Viking ships of Roskilde

The present ARCHAEO-Crush counts for the months of March and April (again I find I have so little free time). It is an interesting group of Danish artefacts from a museum in Roskilde.

VIKING SHIPS OF ROSKILDE

Type: artefact (wooden ship remains)
Civilisation: Scandinavia, Middle Ages, Viking era, 793-1066
Date: 11th century

ARCHAEO-Crush: The remains of the viking ships at the museum in Roskilde were discovered in Roskilde Fjord, in a sailing channel between Peberrenden and Skuldelev. The five ships were deliberately sunk during the 11th century to create a barrier to  defend the most direct route to Roskilde.  The remains represent five different types of vessels.  Skuldelev 1 is a large ocean-going trader use to transport cargo on high seas (think North Sea, Baltic Sea and even North Atlantic Ocean). While it is impossible to know who owned it, this type of vessel was used by merchants and chieftains on trading expeditions.  Dendrochronology indicates that it dates to 1030.  Skuldelev 2 is a large warship dating to 1042 and built near Dublin, Ireland (a Viking settlement called Dubh Linn founded the 9th century, where a much older Celtic village already existed according to the Greek astronomer Claudius Ptolemaeus, author of synthesis of geographical knowledge of the Graeco-Roman world). The crew of this type of longship counted 65-70 men and the vessels belonged to chieftains whose exploits are celebrated in Scandinavian sagas. In comparison, Skuldelev 3 is a much smaller vessel. It is a trading ship used on the Danish coast and the Baltic Sea for the transport of goods or people. The vessel was powered by wind with the use of the sail, but, in very calm weather and on short distances, the oars could be used as well. There isn’t a Skuldelev 4 because the remains thought to be a fourth vessel turned out to be part of Skuldelev 2. So we go directly to Skuldelev 5, which is also a longship albeit a small one–its  crew was only 30 men .  This type of warship had 13 pairs of oars and was the smallest in a war fleet.  As for the last ship, Skuldelev 6 was a fishing boat. Originally built in Norway with pine, the boat was modified with oak and  birch and transformed into a simple transport boat, manned by a small crew.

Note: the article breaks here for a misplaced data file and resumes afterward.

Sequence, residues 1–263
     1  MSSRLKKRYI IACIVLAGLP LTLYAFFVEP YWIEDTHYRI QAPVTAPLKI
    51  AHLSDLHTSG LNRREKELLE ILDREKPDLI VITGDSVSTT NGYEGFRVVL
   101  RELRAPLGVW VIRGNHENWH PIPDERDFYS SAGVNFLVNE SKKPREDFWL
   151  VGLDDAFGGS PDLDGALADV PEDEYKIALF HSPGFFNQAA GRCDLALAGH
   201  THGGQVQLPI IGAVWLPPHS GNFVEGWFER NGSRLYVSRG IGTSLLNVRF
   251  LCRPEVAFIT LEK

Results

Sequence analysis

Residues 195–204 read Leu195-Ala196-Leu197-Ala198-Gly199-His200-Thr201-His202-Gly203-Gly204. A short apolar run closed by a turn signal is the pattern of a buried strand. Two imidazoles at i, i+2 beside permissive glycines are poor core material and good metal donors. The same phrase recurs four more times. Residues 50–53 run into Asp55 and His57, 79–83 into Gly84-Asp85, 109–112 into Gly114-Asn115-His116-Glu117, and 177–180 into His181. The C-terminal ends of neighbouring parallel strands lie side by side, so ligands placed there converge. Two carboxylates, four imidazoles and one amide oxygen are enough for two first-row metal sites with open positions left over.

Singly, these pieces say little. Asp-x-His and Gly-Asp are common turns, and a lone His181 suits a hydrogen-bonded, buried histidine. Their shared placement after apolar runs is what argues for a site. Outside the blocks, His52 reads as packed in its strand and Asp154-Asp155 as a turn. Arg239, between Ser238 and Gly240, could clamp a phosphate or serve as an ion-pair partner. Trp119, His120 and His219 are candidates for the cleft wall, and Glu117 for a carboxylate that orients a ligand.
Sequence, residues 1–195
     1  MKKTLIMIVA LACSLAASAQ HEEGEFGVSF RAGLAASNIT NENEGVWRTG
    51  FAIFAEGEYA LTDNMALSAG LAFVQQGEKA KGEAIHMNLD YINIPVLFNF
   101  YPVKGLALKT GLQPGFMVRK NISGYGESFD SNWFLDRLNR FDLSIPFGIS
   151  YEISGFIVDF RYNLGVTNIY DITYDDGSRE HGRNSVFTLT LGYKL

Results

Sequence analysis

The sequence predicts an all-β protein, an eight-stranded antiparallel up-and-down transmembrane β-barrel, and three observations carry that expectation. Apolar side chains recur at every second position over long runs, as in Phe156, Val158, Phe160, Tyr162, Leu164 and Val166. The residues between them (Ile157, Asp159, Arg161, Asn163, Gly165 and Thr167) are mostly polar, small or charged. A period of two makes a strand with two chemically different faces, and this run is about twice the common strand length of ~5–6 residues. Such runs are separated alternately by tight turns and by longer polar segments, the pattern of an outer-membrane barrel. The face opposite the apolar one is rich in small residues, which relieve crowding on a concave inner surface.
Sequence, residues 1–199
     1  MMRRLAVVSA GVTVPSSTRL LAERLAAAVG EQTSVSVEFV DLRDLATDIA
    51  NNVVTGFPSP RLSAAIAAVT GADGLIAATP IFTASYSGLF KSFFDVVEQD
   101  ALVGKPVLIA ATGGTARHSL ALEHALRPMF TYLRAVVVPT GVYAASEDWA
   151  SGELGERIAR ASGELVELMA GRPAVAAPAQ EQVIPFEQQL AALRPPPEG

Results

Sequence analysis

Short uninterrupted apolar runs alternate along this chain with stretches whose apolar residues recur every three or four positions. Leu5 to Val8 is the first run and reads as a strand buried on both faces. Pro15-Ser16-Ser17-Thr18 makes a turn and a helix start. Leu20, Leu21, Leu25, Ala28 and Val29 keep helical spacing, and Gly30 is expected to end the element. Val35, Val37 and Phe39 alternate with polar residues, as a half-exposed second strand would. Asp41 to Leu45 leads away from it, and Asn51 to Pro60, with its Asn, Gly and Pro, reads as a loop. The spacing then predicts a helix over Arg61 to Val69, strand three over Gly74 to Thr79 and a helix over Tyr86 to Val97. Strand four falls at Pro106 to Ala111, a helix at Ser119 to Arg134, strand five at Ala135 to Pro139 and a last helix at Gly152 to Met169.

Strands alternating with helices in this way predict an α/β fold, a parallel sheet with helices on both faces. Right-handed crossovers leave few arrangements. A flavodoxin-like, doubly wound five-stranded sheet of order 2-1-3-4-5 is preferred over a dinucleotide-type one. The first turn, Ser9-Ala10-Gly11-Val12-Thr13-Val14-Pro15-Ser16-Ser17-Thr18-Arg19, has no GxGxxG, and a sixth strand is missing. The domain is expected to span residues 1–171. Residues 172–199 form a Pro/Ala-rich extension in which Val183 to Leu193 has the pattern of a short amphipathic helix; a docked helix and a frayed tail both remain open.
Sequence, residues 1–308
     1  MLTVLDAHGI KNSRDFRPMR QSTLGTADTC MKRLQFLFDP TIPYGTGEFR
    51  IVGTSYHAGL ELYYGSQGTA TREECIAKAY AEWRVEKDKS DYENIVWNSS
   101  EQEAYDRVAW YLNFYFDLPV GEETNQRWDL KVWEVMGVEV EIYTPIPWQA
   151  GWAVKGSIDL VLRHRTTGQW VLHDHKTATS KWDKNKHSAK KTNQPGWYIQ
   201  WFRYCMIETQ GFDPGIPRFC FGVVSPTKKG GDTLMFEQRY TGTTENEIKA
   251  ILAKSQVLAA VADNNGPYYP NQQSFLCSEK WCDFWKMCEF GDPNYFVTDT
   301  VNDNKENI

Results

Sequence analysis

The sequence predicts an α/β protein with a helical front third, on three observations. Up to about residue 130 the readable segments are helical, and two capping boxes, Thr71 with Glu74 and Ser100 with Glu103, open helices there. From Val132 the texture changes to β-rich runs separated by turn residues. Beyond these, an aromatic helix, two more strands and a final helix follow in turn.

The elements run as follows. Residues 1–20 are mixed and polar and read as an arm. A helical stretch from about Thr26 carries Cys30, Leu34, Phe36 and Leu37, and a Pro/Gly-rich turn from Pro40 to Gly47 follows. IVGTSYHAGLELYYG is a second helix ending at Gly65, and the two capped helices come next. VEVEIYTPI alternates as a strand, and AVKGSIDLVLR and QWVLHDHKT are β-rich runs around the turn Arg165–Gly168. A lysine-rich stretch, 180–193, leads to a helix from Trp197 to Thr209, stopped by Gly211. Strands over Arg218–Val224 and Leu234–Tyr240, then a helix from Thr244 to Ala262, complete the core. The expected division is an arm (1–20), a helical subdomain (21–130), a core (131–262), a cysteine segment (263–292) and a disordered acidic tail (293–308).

Bucket list status: I have seen these fabulous ships on a day trip to Roskilde after a conference in Copenhagen. I would have loved to sail on one of the replicas of these ships. There is one for each of the boats in the MuseUm Habour! At least I got to board on Sea Stallion from Glendalough, the replica of Skuldelev 2, the large warship.

Additional information: You will find additional information for each of the ships on the museum’s website, Vikingeskibs Museet: size, draught, speed, crew, number of oars and even place of construction! (And more!)  All you have to do is click on the blue links in the main section above. Be sure to read the Education section of the ‘Professions’ tab of the site for even more details.